Bringing to an end a seven-decade legal battle over the title to the disputed Ram Janmabhoomi-Babri Masjid site in Ayodhya, an issue that roiled India and propelled the rise of the BJP, a five-judge Constitution Bench of the Supreme Court, in a unanimous verdict Saturday, ruled that the entire disputed land be handed over to a trust to be constituted for construction of a Ram temple and that Muslims, in the name of “equity”, be given five acres of either the acquired land near the site or at “a suitable prominent place in Ayodhya” for building a mosque.
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Underlining that it had been “tasked with the resolution of a dispute whose origins are as old as the idea of India itself”, the Bench of Chief Justice of India Ranjan Gogoi, Justices S A Bobde, D Y Chandrachud, Ashok Bhushan and S A Nazeer overturned the September 30, 2010 judgment of the Allahabad High Court which had ordered three-way division of the disputed 2.77 acres between the Nirmohi Akhara sect, the deity Ramlalla Virajman and the UP Sunni Central Waqf Board.
While dismissing the Nirmohi Akhara suit as barred by limitation but upholding the suits of the UP Sunni Central Waqf Board — the High Court order had said the Board suit was barred by limitation — and Ramlalla Virajman, the Bench said the High Court order was “legally unsustainable” and “dividing the land will not subserve the interest of either of the parties or secure a lasting sense of peace and tranquillity”.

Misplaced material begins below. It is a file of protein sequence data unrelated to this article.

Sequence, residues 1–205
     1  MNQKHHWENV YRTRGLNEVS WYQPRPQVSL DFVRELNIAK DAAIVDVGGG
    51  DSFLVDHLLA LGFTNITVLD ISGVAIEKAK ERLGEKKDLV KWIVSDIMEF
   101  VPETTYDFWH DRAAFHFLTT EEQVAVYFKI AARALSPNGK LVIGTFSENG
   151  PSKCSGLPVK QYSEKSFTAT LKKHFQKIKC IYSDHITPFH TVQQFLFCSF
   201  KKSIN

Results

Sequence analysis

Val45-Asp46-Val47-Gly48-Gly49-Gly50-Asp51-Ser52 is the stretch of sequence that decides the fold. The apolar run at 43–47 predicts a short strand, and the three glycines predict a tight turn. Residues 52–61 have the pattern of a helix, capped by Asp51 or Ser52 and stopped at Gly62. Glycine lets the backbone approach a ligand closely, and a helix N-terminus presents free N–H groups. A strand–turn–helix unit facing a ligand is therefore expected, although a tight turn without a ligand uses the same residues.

The Bench said “on the balance of probabilities, there is clear evidence to indicate that the worship by the Hindus in the outer courtyard” of the disputed site “continued unimpeded in spite of the setting up of a grill-brick wall in 1857. Their possession of the outer courtyard stands established together with the incidents attaching to their control over it”.
“As regards the inner courtyard, there is evidence on a preponderance of probabilities to establish worship by the Hindus prior to the annexation of Oudh by the British in 1857. The Muslims have offered no evidence to indicate that they were in exclusive possession of the inner structure prior to 1857 since the date of the construction in the sixteenth century.”
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“The Hindus never accepted the division of the inner and the outer courtyard. For the Hindus, the entire complex as a whole was of religious significance. A demarcation by the British for the purposes of maintaining law and order did not obliterate their belief in the relevance of the ‘Garbh-Grih’ being the birthplace of Lord Ram. This is evident from the witness testimonies which indicate that pilgrims offered prayer standing at the railing by looking towards the sanctum sanctorum.”